By: Kurt Snyder
When your team, the Detroit Tigers, emerges from the All-Star break, you would expect something different. It’s the chance to re-rack the starting rotation despite injury. But, we have suffered as a team when we start the first 2 games after the break with our dynamic duo of Verlander-Pelfrey, right? We got half right anyway. But is this what we have grown to expect?
So I divorced myself from the Tigers Saturday night. Sure I kept track. You know Michigan summers. They are to be cherished. As a baseball fan, people find a way to enjoy the Michigan weather, their cottages up north, a family bonfire, or maybe just a day on their boat.
But the Tigers seem to force their way into the picture regardless of the circumstance. Holly would be appalled but I left our team to enjoy family and friends at the bonfire, but spent my time thinking about the Tigers amid the conversation.
If you have grown up with the obsession that is baseball, everyone seems to share the same story, where baseball must compete with the Michigan summer. You can’t just sit in front of the TV and commit to the Tigers; they need to share the season.
I remember my grandma used to sit in her chair with the warm air blowing through her windows, in the dark, slumped over her radio, listening intently to the wonderful Hall of Fame tones of Ernie Harwell. She would never miss a game.
It’s an example of how the fabric of baseball is woven into our lives. Families gather, friends congregate, but for the people engrossed in the sport of baseball, the question ultimately comes up; “how are the Tigers doing?” We used to tune into the radio, but now we just check our phones. The medium is different, but the interest never wavers. Not here. Not in Detroit. Not in Boston. Not in New York. These are baseball hot beds, regardless of the size of the market. And I would imagine the fans are all the same.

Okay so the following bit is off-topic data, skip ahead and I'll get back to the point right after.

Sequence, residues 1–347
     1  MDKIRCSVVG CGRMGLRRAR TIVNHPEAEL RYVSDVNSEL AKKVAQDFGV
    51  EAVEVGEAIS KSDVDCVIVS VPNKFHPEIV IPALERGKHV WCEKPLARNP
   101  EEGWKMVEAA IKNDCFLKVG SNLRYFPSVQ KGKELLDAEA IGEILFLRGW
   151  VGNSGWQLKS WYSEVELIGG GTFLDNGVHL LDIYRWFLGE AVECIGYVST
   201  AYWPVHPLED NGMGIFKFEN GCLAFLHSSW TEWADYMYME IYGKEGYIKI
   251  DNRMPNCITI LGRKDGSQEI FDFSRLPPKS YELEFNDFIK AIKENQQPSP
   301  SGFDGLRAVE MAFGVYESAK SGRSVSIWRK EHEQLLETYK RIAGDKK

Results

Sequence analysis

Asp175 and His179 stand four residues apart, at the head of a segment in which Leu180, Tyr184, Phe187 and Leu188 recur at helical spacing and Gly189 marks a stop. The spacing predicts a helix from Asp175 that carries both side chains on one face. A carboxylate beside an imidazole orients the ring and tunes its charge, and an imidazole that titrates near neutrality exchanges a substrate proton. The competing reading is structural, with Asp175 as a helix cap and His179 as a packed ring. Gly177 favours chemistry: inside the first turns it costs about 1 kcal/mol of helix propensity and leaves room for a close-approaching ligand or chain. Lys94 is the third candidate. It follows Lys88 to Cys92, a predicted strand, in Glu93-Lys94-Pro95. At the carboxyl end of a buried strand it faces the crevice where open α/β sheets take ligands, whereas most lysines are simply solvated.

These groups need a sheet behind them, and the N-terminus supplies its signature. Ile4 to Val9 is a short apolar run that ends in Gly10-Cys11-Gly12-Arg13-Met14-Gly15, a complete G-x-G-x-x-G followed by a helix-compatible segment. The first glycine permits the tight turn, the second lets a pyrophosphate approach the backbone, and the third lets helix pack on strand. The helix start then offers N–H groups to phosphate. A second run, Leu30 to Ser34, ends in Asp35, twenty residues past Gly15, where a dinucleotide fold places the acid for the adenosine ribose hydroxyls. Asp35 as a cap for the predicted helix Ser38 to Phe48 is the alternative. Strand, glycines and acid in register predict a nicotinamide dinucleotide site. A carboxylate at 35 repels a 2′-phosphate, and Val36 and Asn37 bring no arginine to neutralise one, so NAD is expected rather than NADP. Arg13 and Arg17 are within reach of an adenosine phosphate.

Music takes a backseat to the radio broadcast. It’s a pennant race, folks, regardless of your confidence in the team or your disdain for the manager. It’s all still baseball, Summer’s game.
It’s unique in every way and when we break from the All-Star weekend, there is a renewed optimism for teams within striking distance of first place in their division or the hopes of any kind of playoff spot at all. Fans will dig deep for hope. But they wouldn’t care at all if they didn’t love the game so much.
The real fans sacrifice a lot, beginning from a very young age when we used to abandon sleep to listen to a West Coast radio broadcast underneath the covers of our beds. These are baseball fans. And they are fostered from a very young age.
But, thank God for the summer fun of vacation spots and cottages and bonfires and the good old backyard pool to rescue us from the team that can’t seem to get out of their own way. A team that actually thinks the odds favor a starting rotation that begins with Verlander and then Pelfrey.